`The Street' Is History, but Papers Still Thrive
| EDINBURGH & LONDON
DOZENS of gold-leafed names and dates glitter against a wood-paneled foyer outside the editor's office at the Scotsman. ``Magnus Duncan Linklater - 1988- '' is the latest addition to the list of the newspaper's editors, a list that reads like a ``Who's Who'' of Scottish journalism, including ``William Ritchie - 1817-1831,'' ``Alastair MacTavish Dunnett - 1956-1972,'' and ``Christopher Frank Baur - 1985-1988.''
According to Mr. Linklater, the future of Britain's newspaper industry is every bit as bright as the names which illumine his foyer.
``Despite bad reports, the industry has never been in a healthier state,'' he says with a satisfied look on his face as he leans back in his chair overlooking the Scottish capital. ``New technology makes it possible to make a profit by keeping production costs down.''
The Scotsman, a 90,000-circulation daily that bills itself as ``Scotland's national newspaper,'' is not an isolated success story, Linklater says. London's newspaper industry - especially the larger-circulation high-quality papers - generally has been healthy for much of the past decade. For example:
Advertising revenue for the national high-quality dailies rose by 137 percent from 1983 to 1989.
Although sensational tabloids have seen their revenue drop 5 percent since 1982, sales of high-quality papers have risen by 20 percent in the same time period.
Each month, 93 percent of the British population sees at least one of the country's 11 national newspapers.
In a country of some 56 million people, 20.7 million newspapers are read a day.
Paid-for weekly papers sell 7.9 million copies a week, and another 41 million free papers are published weekly.
Throughout the latter 1980s, Britain's national newspapers fled Fleet Street, the country's journalistic epicenter.
Media tycoon Eddie Shah set the stage for the Fleet Street exodus in 1985 when he launched Today, Britain's first national color tabloid, produced with state-of-the-art technology, and with a work force only 20 percent of the size employed by other national newspapers. Rupert Murdoch followed suit in 1986 when he moved his News International papers - Times, Sun, Sunday Times, and News of the World - to Wapping, and reduced his once largely unionized work force from 6,500 to 1,000. The Daily Express, Fleet Street's last remaining newspaper, moved from ``the Street'' in 1989.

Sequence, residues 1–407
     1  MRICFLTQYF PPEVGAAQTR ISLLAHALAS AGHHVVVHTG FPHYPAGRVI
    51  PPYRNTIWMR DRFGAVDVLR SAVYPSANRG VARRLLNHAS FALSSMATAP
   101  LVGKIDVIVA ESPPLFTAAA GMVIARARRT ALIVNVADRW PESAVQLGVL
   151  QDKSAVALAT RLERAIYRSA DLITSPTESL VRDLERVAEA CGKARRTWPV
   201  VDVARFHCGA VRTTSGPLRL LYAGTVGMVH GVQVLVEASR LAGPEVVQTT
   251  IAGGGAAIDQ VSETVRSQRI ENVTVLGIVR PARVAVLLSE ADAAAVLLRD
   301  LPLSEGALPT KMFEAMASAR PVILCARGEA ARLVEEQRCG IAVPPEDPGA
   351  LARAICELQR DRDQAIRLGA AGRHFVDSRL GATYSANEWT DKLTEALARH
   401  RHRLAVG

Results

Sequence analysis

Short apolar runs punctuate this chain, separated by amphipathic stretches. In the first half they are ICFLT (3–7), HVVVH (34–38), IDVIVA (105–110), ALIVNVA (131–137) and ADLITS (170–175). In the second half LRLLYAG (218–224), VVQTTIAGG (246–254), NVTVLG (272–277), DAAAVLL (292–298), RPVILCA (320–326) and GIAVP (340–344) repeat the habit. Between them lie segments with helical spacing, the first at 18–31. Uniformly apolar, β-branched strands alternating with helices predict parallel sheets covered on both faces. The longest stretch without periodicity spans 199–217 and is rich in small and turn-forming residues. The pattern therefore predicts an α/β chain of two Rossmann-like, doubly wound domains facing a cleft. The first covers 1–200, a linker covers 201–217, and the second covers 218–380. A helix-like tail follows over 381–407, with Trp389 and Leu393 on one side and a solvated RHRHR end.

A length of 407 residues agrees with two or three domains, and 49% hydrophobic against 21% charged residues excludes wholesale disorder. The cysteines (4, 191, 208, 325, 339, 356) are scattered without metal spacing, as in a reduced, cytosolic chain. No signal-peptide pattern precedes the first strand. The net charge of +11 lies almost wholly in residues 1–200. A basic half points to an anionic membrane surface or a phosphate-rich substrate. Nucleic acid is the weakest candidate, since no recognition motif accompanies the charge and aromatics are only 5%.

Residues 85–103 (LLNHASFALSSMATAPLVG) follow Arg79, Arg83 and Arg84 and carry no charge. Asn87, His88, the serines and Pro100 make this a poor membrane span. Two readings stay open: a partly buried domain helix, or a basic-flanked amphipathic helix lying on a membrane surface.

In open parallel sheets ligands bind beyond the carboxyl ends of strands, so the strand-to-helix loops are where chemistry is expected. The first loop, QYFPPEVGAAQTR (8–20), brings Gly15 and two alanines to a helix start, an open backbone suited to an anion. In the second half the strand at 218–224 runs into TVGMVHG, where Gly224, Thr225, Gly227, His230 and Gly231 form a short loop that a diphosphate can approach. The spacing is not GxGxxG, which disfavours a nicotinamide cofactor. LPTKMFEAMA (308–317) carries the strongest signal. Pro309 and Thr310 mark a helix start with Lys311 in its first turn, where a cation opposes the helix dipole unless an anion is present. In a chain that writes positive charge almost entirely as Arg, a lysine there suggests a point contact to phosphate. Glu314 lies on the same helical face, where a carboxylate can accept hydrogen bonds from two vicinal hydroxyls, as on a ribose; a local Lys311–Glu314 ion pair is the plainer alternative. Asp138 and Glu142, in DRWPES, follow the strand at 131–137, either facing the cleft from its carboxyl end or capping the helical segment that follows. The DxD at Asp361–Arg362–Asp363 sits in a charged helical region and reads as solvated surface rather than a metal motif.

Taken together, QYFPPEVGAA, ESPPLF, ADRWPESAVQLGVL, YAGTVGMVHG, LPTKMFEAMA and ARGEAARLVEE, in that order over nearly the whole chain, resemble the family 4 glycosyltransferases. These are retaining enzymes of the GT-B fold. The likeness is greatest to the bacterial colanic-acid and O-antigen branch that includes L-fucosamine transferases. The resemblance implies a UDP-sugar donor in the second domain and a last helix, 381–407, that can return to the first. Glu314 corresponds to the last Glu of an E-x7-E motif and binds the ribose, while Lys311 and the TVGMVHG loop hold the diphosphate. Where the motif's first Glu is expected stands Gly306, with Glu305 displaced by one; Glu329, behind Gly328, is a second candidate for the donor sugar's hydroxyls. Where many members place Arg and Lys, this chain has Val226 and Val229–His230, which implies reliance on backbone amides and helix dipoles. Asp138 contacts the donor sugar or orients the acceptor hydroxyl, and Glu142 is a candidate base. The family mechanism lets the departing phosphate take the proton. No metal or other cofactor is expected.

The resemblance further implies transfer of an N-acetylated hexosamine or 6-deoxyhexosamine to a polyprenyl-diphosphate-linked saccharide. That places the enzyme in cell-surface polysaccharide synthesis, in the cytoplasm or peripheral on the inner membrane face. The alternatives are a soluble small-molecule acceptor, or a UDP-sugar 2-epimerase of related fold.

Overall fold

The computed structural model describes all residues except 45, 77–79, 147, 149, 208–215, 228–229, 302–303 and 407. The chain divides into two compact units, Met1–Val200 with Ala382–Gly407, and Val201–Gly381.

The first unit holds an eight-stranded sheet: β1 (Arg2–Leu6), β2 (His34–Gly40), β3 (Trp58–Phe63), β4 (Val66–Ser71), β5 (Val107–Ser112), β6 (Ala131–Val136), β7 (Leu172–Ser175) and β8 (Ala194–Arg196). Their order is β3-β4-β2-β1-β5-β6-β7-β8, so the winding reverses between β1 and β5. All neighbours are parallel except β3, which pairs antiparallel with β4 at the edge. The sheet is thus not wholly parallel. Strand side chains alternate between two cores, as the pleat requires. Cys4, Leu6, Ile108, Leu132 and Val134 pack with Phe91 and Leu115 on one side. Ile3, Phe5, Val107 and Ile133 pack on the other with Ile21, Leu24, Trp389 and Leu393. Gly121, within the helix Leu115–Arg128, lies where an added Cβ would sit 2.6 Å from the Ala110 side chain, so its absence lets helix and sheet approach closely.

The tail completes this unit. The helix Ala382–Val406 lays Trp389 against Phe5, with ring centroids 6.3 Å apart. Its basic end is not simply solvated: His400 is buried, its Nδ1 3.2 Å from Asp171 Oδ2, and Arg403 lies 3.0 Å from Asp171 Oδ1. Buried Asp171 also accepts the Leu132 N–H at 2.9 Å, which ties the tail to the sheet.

``Cheap sites, the opportunity to install new presses often utilizing color printing, and the possibility of simultaneously reducing the work force and introducing new work rules combined to lure publishers out of central London,'' says Brian Knox-Peebles, group marketing director of London-based United Newspapers, a major newspaper publishing company.
This year's recession, according to Raymond Snoddy, the Financial Times's media correspondent, has ushered in the worst newspaper advertising sales in years. Not only are ad revenues down, but only two of Britain's national dailies - the Daily Star and the Financial Times - have shown circulation gains this year.
Buckingham Palace has seldom been happy with how the sensationalistic tabloids have depicted the royal family. And increasingly, this distaste for the ``gutter press,'' as some here call it, has spilled over to the population as a whole.
Older journalists say that they can't remember a time when the press was so unpopular. In fact, recent opinion polls here rank journalists at the bottom of the ``believability ladder,'' along with real estate agents and politicians.
Readers of more elite papers have recently tired of the often overt biases seen in the country's national newspapers. For much of this century, the Daily Telegraph was a staunch supporter and apologist for the Conservative Party, the Guardian consistently leaned to the left on social and economic matters, the Times veered to the right on most issues, and the Financial Times charted a clearly capitalistic course.
But in 1986 the Independent was launched. This newspaper's nonpartisan reporting earned it both numerous awards and a large - and growing - readership. As a result, the other elite dailies have become more graphically appealing, less gray, and less strident.
In the past two years, two new high-quality Sunday newspapers were launched. The Correspondent languished in broadsheet format, but is being relaunched in a smaller format. The Independent on Sunday, the offspring of the successful daily, appears to be holding its own in a competitive field.